EMPIRES IN WORLD HISTORY

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2 EMPIRES IN WORLD HISTORY

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4 PIR IN WORLD HISTORY POWERAND THE POLITICS OF DIFFERENCE JANE BURBANK AND FREDERICK COOPER PRINCETON UNIVERSITY PRESS Princeton and Oxfo rd

5 Copy right 2010 by Princeton University Press Published by Princeton University Press, 4r William Street, Princeton, New Jersey In the United Kingdom: Princeton University Press, 6 Oxford Street, Woodstock, Oxfordshire ox20 ltw All Rights Reserved Paperback ISBN Library of Congress Cataloging-in-Publication Data Burbank, Jane. Empires in world history : power and the politics of difference I Jane Burbank and Frederick Cooper. p.cm. Includes bibliographical references and index. ISBN (hardcover : alk. pap er) r. World history. 2. World politics. 3. Imperialism-History. 4. Colonization-History. 5. Colonies-History. 6. Power (Social sciences)-history. 7. Difference (Philosophy)-Political aspects History. I. Cooper, Frederick, II. Title. D32.B British Library Cataloging-in-Publication Data is available This book has been composed in Bembo Printed on acid-free paper. oo press. princeton.edu Printed in the United States of America IO 9 8

6 CONTENTS List of Illustrations Preface xi vii l Imperial Trajectories 1 2 Imperial Rule in Rome and China 23 3 After Rome: Empire, Christianity, and Islam 61 4 Eurasian Connections: The Mongol Empires 93 5 Beyond the Mediterranean: Ottoman and Spanish Empires Oceanic Economies and Colonial Societies: Europe, Asia, and the Americas Beyond the Steppe: Empire-Building in Russia and China Empire, Nation, and Citizenship in a Revolutionary Age Empires across Continents:The United States and Russia 251 IO Imperial Repertoires and Myths of Modern Colonialism 287 II Sovereignty and Empire: Nineteenth-Century Europe and Its Near Abroad War and Revolution in a World of Empires: 1914 to End of Empire? Empires, States, and Political Imagination 443 Suggested Reading and Citations 461 Index 481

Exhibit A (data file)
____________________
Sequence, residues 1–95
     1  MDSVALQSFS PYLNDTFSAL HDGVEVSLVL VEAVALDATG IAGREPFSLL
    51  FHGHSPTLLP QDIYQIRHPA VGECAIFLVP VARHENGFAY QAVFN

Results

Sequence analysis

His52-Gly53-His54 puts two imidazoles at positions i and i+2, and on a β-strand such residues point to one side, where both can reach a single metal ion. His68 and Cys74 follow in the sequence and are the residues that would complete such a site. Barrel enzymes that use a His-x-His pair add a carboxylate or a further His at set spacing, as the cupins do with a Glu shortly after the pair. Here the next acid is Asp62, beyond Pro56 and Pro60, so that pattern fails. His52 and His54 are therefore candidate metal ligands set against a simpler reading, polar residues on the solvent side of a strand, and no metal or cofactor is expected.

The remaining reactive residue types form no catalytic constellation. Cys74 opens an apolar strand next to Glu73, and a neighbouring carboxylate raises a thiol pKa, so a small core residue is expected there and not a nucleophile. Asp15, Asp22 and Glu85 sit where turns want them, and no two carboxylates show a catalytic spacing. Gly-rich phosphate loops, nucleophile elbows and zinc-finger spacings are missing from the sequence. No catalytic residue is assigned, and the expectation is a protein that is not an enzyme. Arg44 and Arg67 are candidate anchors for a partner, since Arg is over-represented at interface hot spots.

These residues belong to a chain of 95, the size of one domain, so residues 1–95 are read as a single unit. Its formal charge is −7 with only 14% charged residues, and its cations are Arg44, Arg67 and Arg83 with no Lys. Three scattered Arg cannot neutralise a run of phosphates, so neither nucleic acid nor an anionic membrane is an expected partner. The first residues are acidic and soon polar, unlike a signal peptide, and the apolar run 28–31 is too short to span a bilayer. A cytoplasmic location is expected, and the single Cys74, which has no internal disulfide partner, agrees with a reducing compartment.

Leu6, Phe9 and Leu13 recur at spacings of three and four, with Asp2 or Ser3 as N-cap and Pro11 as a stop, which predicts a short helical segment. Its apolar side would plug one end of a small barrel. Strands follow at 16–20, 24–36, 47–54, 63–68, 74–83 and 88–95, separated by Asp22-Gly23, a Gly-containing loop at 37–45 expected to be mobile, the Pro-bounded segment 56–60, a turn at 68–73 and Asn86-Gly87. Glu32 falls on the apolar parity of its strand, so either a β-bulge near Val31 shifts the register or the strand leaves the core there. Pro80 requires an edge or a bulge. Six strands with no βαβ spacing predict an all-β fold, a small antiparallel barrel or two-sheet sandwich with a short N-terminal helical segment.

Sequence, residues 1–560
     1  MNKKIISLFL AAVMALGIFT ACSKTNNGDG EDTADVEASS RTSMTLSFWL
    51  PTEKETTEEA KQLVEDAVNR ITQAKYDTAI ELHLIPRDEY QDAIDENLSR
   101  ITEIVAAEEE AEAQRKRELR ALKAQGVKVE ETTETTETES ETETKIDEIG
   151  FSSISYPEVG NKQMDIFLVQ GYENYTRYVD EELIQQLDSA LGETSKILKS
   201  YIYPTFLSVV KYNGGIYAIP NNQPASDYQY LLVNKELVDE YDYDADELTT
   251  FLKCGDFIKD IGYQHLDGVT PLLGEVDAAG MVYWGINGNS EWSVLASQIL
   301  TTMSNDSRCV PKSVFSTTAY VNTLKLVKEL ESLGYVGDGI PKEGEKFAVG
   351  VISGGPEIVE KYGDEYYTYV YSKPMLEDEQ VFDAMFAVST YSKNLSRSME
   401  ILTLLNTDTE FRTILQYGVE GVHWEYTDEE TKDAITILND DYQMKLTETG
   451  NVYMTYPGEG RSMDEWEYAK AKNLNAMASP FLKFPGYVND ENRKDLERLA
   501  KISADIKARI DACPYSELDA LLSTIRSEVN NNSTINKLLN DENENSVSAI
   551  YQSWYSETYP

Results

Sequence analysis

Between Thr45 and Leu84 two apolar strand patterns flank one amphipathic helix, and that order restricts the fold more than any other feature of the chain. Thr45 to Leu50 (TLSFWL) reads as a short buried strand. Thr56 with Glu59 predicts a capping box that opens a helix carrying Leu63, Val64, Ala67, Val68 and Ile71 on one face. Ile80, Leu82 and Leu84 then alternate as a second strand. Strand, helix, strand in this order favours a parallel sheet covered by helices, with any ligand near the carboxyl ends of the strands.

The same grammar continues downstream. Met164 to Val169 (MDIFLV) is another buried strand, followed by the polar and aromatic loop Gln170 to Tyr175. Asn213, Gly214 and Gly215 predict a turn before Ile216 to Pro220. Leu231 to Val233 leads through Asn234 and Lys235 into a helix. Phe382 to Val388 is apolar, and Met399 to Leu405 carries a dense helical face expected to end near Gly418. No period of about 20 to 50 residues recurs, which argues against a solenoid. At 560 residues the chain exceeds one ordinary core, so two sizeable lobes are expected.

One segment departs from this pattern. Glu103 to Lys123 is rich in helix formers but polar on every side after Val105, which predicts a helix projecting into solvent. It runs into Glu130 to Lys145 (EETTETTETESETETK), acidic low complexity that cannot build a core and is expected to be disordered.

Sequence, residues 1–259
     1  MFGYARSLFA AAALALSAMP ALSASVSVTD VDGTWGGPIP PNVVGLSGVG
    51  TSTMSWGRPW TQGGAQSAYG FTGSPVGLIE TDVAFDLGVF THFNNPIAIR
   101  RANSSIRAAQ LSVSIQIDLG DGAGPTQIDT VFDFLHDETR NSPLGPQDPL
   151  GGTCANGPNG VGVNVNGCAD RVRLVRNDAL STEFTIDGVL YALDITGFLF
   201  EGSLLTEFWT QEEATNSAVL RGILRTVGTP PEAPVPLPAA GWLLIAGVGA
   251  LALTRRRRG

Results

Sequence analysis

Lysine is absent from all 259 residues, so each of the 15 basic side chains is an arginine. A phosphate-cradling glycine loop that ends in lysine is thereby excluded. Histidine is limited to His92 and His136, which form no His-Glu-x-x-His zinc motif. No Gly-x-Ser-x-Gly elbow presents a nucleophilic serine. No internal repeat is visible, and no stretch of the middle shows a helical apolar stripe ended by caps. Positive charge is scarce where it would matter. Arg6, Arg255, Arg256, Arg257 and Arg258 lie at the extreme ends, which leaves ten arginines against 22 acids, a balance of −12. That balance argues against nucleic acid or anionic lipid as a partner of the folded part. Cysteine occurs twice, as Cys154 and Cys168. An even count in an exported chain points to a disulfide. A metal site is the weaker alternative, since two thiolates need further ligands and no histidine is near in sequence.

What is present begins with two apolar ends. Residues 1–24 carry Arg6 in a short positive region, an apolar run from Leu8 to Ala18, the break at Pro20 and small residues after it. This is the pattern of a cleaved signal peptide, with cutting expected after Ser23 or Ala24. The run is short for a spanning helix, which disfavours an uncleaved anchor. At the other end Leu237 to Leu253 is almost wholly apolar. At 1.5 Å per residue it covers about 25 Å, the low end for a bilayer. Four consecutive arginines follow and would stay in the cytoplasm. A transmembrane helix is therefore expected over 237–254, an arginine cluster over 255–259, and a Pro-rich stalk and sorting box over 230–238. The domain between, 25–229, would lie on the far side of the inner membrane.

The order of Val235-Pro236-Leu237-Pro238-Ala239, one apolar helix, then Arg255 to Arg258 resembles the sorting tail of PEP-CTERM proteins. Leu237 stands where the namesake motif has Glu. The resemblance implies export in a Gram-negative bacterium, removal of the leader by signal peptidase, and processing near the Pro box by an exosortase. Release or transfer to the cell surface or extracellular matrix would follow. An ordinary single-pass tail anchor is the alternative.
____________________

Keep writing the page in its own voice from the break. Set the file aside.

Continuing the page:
7 EMPIRE, NATION, AN D CITIZENSHIP IN A REVO LUTIONARY AG E We argued in chapter 6 that there was no revolution in sovereignty in seventeenth-century Europe: the relationship of ruler, people, and territory remained ambiguous and fluctuating. In the eighteenth century, there was a revolution in ideas of sovereignty. Thinking about the relationship of revolution and empire is difficult because we like our revolutions to be very revolutionary. Our textbooks tell us that an "epoch" of kings and emperors gave way to an "epoch" of nation-states and popular sovereignty. But the new ideas of sovereignty were important precisely because they differed from actually existing institutions and practices, within Europe as much as in its overseas empires. They were arguments; they fostered debate. Within Europe itself, monarchical and aristocratic privileges remained in tension with "the people's" claim to rights and voice for the entire nineteenth century. During the century after France's revolution of 1789 announced the principle of republican government, the state was republican for about a third of the time; for most of it, France was governed by men who called themselves king or emperor. The question of which people were sovereign remained unresolved into the mid-twentieth century. The eighteenth century's new arsenal of political ideas made it possible to imagine a non-empire: a single people sovereign over a single territory. From the start, the working out of such an imaginary took place not in nationally defined polities within Europe but in a much bigger and uncertain space. Empire was the stage, not the victim, of eighteenth- and early nineteenth-century revolutions. But the nature of political alternatives within-and against-empires shifted in fundamental ways. In cities like London and Paris, flush with wealth-derived in part from overseas trade and lucrative sugar coloniesmerchants, artisans, and elements of the lesser nobility developed a new interactive politics that broke the pattern of vertical relationships cultivated by monarchical regimes and challenged the idea that "rights" came from 8 219